“Yes ma’am. I just wonder…if it all even made any difference.”

Alessia wondered that herself more and more, despite her oath of neutrality. Argovan and Bergovny were two kingdoms sharing one peninsula, and little difference between them. The brief moment of unity forged by the old high king had been shattered when his death was followed soon after – some might say suspiciously – by that of his young son. It left a Bergovan duke and the king’s second wife, an Argovani countess, both claiming the throne, and two years of war had failed to settle the matter. Much like the twinned countries themselves, Alessia saw no cause to prefer one faction over the other, for each spilled their enemy’s blood just as easily, the wounded each sought the sanctuary of the Polytheon. Though she’d never intended it, the conversion of the temple house into a makeshift hospital had given the novice sister the skills of an advanced physic, and there was no sign that her training was likely to ease off anytime soon.

Fatigue only somewhat blunted the shock when her thoughts were interrupted by the boom of the temple’s wide double doors being struck from outside. What now? she thought with consternation as they rumbled open.

Two columns of armed men marched into the nave, led by an aged, grim-looking brute with black sable draped over his shoulders and dull mail armor from neck to knee. He carried a high-crowned helm in his right hand while the left cradled the hilt of a long, ugly sword at his hip. “Who’s in charge here?” The warlord wrinkled his nose at the stench of putrefying viscera while scanning the long nave, taking in the rows of wounded, the sisters, the acolytes, the bits of discarded bandage strewn about.

“Go fetch Mother,” Alessia whispered to Livielle, “quickly.” She stepped forward. “May the gods light your path, Lord…?”

“Taurix,” the man spat. “High Marshal to King Pharamund.”

“Taurix. Welcome to the temple of the Artameran Polyth—”

“Whatever. I’m told that piece of shit Ludolphus what calls himself a general passed this way. Is that so?”

Alessia curtsied as she’d been taught to do before the high and mighty, ridiculous in her cold, blood-drenched habit. “I’m sorry, but we don’t ask the names of those who visit, only that they come and go in peace.”

Taurix sighed. “He would’ve left some wounded men with you.”

Is he serious? Alessia looked him square in the eye. “Well as you can see we get wounded with some regularity. You’ll have to be more specific. There is a war on, you know.”

Taurix stared back down at her unblinkingly, and for a few seconds Alessia was sure he was going to run her through with that nasty sword. Oh, that was stupid, she thought.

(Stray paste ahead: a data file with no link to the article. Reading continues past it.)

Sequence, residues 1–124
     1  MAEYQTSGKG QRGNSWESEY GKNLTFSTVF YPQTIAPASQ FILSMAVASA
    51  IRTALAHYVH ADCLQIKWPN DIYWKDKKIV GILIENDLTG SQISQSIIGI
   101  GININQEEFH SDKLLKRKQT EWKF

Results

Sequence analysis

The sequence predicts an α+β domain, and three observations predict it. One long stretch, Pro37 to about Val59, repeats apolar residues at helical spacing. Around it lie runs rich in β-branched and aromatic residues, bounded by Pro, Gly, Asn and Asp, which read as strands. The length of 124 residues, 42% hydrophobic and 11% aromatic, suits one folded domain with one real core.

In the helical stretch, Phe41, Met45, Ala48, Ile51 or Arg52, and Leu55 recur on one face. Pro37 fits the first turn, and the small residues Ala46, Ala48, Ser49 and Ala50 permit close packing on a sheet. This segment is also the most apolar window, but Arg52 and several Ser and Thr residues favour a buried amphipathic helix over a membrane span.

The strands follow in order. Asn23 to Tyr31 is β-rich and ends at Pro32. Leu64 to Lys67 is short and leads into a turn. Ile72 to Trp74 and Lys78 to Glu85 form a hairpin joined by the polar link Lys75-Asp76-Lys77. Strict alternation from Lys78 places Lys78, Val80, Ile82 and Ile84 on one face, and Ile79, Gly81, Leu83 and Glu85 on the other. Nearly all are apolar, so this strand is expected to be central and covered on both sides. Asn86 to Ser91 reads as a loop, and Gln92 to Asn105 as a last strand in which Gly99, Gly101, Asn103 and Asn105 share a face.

Instead he broke into a hard chuckle. “It’s well that you keep that mouth behind these walls, girl. Few live to speak that way to a lord of the Marches a second time.”

What goes on here?” Mother Tanusia’s voice boomed as she strode from the rectory office. “So, has the royal struggle finally spread across the sea to Holy Artamera that an army invades a house of the Polytheon?”

Taurix turned to the woman, noted the stripe on her habit that signified her authority. “Not at all, Mother. At least not yet. In fact we’re grateful for the care of His Grace’s soldiers. Your house should look to be richly rewarded once these treasonous rebels are put down.”

“That we should live to see that day is all the reward we desire, my lord,” Tanusia replied with barely concealed sarcasm.

“Yet, it seems you’ve made an unfortunate mistake.” Taurix’s tone suddenly became lighter, even more terrifying.


“Indeed. For I see that in addition to the king’s loyal defenders, you have among you a number of those very traitors.” Taurix tossed his helmet to another of his company, then stepped slowly over to a fellow with an amputated leg lying on one of the cots, insensate from the brandy it’d taken to calm him. Though blooded and torn, his tunic still bore the green badges of General Ludolphus and Countess Engwara – the ‘treasonous rebels’. “Allow me, Mother, to lighten your burden.”

Before any could react he plunged his sword through the man’s belly and the cot, the tip stopping just short of the stone floor. The man jerked, eyes wide. Alessia let out a short, shrill scream and the acolytes and most of the sisters scattered from the nave in horror.

No! How dare you!” Tanusia roared with such fury that some of Taurix’s own men took half a step backward. She ran to the doomed patient just as he slipped away into death, gurgling blood. “This house is sacred ground, you’ve no right—”

“Don’t lecture me, woman. Your temple’s inviolate only so long as you keep your oath to take part in no wars.”

“We’ve taken no part!”

“No? Look around – giving aid and comfort to the enemy seems to me to be very much taking part.”

“But…that’s absurd.”

“It’s an absurd world we live in, Mother.” He moved to the next patient and raised his sword again. Alessia’s patient. She moved to dive between Taurix and his victim, and with barely a thought the lord turned and struck her across the jaw, sending her flying backward. “Go among them,” he said to his retinue. “Root out the traitors.” While Taurix dispatched the man beneath him the others fanned out across the chamber, checking each patient for identifying badges or marks. A few wounded tried to crawl away, succeeding only in making themselves targets. Screams rang out anew.

Powerless to stop the slaughter, Tanusia crept along the wall to where Alessia lay dazed, watching helplessly as nearly half the lives they’d fought to save were snuffed out. “You…sick butcher,” the Mother hissed.

“Spare me the dramatics. As that cheeky bitch on the floor pointed out, there’s a war on! If you dare harbor criminals again, expect to be considered a military target. Next time it won’t be a smack in the mouth. Understood?”

Tanusia glared up at Taurix as she cradled Alessia in her arms. “Yes,” she answered with bitterness.

“Yes, what?

“Yes, lord.”


Alessia spat into the cloth, the blood her own this time. The whole right side of her face throbbed. Punishment from the gods for enjoying my job too much. The damage seemed limited to one lost tooth – a far lighter penance than her patients had suffered.